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Near-Drowning Could Cause Death Hours Later

You may not know that if you're saved from almost drowning, you there's still a risk of dying if you're not checked out by a doctor.
EAST PEORIA/PEORIA - Nearly 10 people drown every day in the United States, and doctors at OSF St. Francis Medical Center say most of those deaths are preventable.

You may not know that if you're saved from nearly drowning you could still be at risk of dying.

Terri Gardner owns a pool and brings her two grandchildren to Splashdown in E. Peoria for swim lessons.
“We wanted to like make sure that, that they had some ground rules for what it was like to have a pool around,” says Gardner.

Just like Gardner, a lot of people worry about what may happen in and around the water. However, there’s a deadly problem that can strike hours later.

Lifeguards, and many others, call it “Dry Drowning” and/or “Secondary Drowning”

Dr. Teresa Riech the Medical Director of the Pediatrics Emergency Department at OSF St. Francis Medical Center explains, “[That] really refer to complications that develop after a person has been submerged underwater so they breathe in some water in then over hours, over the next day or so afterward they can develop some swelling in the lungs that can cause respiratory problems.”

Doctors say those respiratory problems can be deadly, especially for little kids.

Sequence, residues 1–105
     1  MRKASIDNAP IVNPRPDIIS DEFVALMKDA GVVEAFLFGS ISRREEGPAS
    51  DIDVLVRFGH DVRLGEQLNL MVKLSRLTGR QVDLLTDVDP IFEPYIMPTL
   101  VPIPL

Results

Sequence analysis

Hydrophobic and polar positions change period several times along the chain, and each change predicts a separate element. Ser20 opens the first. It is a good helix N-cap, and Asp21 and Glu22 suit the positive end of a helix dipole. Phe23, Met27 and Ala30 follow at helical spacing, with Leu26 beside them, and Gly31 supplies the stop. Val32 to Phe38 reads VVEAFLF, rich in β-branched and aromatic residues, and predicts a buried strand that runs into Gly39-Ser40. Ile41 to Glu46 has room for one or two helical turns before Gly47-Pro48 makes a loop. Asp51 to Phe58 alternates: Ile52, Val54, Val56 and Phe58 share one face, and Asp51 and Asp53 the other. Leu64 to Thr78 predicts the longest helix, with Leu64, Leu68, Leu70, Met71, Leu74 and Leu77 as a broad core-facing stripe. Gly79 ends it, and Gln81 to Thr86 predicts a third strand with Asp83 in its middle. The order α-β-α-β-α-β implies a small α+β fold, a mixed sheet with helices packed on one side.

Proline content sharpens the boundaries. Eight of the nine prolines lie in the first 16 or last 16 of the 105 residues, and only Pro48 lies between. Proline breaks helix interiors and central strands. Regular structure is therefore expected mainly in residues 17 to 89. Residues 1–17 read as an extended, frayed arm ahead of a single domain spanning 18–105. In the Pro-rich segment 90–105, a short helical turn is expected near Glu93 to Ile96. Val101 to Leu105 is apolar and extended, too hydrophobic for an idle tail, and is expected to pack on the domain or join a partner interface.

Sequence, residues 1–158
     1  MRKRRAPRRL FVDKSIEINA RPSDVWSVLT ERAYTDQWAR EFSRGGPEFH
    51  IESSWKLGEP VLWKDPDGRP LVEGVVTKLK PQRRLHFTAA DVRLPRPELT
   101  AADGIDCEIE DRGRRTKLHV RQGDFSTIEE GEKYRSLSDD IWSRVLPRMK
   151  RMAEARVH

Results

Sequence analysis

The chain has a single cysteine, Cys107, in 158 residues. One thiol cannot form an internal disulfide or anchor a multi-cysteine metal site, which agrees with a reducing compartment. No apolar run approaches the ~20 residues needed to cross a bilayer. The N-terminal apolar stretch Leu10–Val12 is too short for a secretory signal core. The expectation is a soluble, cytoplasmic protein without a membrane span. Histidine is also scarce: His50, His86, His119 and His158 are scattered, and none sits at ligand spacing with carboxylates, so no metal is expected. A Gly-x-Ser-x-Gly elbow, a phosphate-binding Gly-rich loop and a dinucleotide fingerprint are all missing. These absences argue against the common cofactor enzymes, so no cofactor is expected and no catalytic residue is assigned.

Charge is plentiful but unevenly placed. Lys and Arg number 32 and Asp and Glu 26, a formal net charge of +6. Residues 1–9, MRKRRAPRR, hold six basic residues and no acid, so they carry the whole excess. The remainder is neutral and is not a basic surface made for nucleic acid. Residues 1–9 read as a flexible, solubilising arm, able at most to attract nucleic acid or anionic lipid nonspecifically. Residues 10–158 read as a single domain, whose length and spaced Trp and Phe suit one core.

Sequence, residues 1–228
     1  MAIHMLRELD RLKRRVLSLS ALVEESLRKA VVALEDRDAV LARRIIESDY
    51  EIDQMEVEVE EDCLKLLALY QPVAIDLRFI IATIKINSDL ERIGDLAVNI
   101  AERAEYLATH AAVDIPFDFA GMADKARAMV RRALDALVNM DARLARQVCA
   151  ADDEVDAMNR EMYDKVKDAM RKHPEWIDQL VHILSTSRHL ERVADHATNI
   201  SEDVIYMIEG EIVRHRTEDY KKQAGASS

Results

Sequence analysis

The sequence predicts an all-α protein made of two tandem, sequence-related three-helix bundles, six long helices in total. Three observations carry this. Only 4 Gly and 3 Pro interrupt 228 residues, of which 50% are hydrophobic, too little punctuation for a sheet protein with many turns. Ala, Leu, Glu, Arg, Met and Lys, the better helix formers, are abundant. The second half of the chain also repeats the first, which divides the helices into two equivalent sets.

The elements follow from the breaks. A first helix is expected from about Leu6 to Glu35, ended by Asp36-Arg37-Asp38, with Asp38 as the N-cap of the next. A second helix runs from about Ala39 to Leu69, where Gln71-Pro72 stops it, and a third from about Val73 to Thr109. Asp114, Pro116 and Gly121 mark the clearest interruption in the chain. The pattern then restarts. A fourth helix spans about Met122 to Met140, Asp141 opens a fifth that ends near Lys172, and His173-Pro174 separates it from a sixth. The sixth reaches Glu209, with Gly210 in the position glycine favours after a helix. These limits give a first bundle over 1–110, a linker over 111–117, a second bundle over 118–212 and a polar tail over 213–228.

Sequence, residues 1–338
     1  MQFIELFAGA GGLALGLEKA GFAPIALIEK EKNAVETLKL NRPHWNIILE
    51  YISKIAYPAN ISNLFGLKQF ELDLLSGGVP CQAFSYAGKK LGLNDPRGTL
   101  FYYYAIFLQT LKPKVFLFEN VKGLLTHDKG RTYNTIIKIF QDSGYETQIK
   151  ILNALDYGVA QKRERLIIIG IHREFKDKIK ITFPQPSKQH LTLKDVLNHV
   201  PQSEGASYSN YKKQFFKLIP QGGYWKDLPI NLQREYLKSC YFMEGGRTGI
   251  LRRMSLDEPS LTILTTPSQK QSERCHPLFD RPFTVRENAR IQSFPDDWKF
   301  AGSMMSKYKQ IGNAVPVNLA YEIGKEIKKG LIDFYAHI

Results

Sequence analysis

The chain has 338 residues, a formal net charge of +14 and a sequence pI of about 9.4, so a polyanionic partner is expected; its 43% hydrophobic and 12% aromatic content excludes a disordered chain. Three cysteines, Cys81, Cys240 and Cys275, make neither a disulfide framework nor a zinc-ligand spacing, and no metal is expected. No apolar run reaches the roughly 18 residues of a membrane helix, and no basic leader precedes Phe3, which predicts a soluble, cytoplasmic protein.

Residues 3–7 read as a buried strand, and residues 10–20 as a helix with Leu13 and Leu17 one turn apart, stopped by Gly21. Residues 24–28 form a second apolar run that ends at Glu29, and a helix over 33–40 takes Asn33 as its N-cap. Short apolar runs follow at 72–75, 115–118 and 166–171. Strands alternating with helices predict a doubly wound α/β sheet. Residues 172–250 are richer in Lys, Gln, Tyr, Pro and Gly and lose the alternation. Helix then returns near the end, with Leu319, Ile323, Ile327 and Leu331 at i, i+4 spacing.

They add it also doen’t have to be at the pool, and it happens quickly.

“Even seconds, says Dr. Riech,”this is why we see things like bathtub or even just standing water [issues], like in a bucket.”

At Splashdown Water Park, the the team of lifeguards is trained on a number of things, but one main topic is paying very close attention.

“One of the things that we have are tests where we throw the dummy in to make sure that they are aware of their zone, aware of their surrounding, staying alert in case of an emergency,” says Tim Nguyen the Splashdown Poolside Manager.

Doctors say you should always get checked after a near-drowning. It could be the difference between life or death.

Dr. Riech says, “Even if they seem okay after they've been pulled out they should they should be evaluated because sometimes the initial sights can be very subtle.”

A few tips from doctors and lifeguards:
·  Doctors say to avoid getting too wrapped up in reading, or talking to other people while kids or are in the water,
·  Take your kids to swim lessons or teach them to swim
·  Use the “Buddy System” and always have someone else with you
·  Use the “Touch System” with Pre-School swimmers. That means you should always be within reach of kids swimming.
·  Parents and guardians should be CPR certified.
·  Know your swimming limits and stay within your comfort zone.
·  Seek medical attention if you’ve been submerged in water, even if you feel fine.
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